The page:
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Support organization calls for inquest into violent death of Quest resident

Quest and Community Services share responsibility, mother of Quest inmate believes

by Robert Devet

Brenda Hardiman, advocate and mother of a Quest resident, believes that the announced "best practices review" at the institution is not good enough.  She wants to see a public inquest into the violent death of Gordon Longphee.  Photo Robert Devet
Brenda Hardiman, advocate and mother of a Quest resident, believes that the announced "best practices review" at the institution is not good enough. She wants to see a public inquest into the violent death of Gordon Longphee. Photo Robert Devet

K'JIPUKTUK, HALIFAX - A public inquest into the violent death of a resident at the Quest Regional Rehabilitation Centre in Lower Sackville is not necessary.

That is what Community Services minister Joanne Bernard announced last week in a statement posted on the department's website.

Gordon James Longphee died on May 11th of this year after being attacked by a fellow resident. Police had earlier decided not to charge the 28-year old man who attacked Longphee because he was not able to form intent.

Rather than a public inquiry Bernard's department will pay for an independent review of best practices at Quest.

But the scope of that review is too narrow for Brenda Hardiman,  co-founder of Advocating Parents of Nova Scotia (APNS), a support organization for parents of children with intellectual disabilities.

Hardiman is also the mother of Nichelle Benn, a young woman who resides at Quest against her will. Benn faces assault charges for attacking a staff member of the institution.

"An inquest is necessary, because there have been two deaths at Quest in six years. The inquest needs to also include what transpires at Community Services and how they put people in places like this," Hardiman told the Halifax Media Co-op.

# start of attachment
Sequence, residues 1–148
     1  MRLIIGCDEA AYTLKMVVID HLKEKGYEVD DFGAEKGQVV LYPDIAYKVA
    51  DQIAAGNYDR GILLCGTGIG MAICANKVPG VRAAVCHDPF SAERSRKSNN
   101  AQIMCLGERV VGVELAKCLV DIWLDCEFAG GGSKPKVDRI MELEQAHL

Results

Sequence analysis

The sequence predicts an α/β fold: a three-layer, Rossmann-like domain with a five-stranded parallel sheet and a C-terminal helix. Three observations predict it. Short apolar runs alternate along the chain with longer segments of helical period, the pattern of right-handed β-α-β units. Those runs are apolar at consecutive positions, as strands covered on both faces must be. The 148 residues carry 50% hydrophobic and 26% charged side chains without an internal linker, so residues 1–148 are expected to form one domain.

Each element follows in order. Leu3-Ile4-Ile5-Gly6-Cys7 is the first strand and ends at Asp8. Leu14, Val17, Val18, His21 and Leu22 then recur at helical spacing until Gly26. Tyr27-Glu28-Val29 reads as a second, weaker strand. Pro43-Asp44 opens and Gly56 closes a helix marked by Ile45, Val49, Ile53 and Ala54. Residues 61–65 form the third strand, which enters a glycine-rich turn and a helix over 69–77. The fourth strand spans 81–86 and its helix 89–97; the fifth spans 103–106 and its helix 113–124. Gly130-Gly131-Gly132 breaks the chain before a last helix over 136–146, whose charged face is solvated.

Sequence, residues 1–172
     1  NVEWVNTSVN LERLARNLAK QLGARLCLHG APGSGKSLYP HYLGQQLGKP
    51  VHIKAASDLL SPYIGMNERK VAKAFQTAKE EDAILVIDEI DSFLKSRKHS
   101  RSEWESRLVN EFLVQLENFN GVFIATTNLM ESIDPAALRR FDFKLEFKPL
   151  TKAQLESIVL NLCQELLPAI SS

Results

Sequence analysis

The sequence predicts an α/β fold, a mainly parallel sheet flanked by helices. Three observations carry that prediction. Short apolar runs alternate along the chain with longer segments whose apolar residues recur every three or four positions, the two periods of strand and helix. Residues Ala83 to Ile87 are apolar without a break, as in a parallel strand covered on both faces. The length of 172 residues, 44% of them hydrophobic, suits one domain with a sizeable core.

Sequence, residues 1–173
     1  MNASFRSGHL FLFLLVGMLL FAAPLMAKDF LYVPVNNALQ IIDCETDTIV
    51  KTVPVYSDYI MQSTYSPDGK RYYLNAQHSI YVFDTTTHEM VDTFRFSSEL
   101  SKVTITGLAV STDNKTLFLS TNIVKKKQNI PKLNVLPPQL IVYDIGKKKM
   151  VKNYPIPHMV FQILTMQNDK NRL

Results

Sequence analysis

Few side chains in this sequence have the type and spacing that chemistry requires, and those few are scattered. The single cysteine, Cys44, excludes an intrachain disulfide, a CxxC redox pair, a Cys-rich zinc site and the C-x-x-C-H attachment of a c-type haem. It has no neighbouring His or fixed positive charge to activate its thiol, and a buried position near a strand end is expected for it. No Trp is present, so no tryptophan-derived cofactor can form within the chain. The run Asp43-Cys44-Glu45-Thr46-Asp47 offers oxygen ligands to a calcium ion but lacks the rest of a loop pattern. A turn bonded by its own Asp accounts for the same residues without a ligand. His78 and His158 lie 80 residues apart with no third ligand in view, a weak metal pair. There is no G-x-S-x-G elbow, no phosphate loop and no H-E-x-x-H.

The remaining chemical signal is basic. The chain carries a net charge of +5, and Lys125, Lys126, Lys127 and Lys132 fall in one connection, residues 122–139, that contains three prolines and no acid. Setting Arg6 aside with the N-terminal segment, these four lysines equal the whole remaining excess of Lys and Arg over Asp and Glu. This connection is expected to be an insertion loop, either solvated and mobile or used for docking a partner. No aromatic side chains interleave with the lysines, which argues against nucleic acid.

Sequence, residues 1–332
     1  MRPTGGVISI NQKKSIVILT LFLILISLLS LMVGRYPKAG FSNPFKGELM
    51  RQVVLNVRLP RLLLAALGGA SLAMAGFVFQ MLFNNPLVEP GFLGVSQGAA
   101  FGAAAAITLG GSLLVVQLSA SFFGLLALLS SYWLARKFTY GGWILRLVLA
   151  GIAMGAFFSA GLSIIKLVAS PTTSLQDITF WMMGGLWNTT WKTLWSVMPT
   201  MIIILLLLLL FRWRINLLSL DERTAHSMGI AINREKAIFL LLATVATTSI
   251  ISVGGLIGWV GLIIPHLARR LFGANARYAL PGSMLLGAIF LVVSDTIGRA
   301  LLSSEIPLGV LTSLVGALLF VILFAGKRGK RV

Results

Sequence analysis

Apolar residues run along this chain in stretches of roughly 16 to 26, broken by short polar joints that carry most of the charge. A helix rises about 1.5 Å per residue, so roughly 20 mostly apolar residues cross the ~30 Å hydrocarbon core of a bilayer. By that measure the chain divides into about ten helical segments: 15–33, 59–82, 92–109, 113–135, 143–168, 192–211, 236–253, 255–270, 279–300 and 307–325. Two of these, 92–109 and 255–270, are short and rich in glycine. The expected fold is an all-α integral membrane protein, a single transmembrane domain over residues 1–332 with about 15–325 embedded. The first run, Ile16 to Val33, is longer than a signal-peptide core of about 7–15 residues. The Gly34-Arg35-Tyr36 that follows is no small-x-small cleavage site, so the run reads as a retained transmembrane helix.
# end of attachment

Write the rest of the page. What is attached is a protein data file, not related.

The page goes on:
"There are studies that show that institutional living is not at all beneficial for residents and that there are too many resident-on-resident attacks and staff and residents abuses. So why would you put people in such an environment? An inquest might provide some answers," she said.

The Department of Community Services has committed to closing institutions and moving to an individualized and community-based approach. Just recently minister Bernard nixed a planned expansion of a Quest-like facility in Stellarton.

Nonetheless, for Hardiman and other parents the pace suggested by the department's transition roadmap is too slow and does not reflect the urgency of the situation.

Recently Hardiman learned of 12 resident-on-resident attacks at Quest that occurred within a span of barely two weeks.

"Some of these attacks happened all at once, others happened one or two at the time, but they are happening," said Hardiman.

"In the Gordon Longphee case, Quest and Community Services failed to provide him with a safe place to live and should be held accountable. Community Services continues to say that they take a backseat, that they just provide funding," she said.

"But it is Community Services that places these people in institutions, so if there are no minimum safeguards to keep these residents safe than Community Services shares a responsibility in that."

See also:

Violent death of Quest resident part of a double tragedy

Community Services Transition Roadmap hits speedbump

Parents argue that their children should not face jail

Rallies throughout Nova Scotia call for end to criminalization

Follow Robert Devet on Twitter @DevetRobert

 


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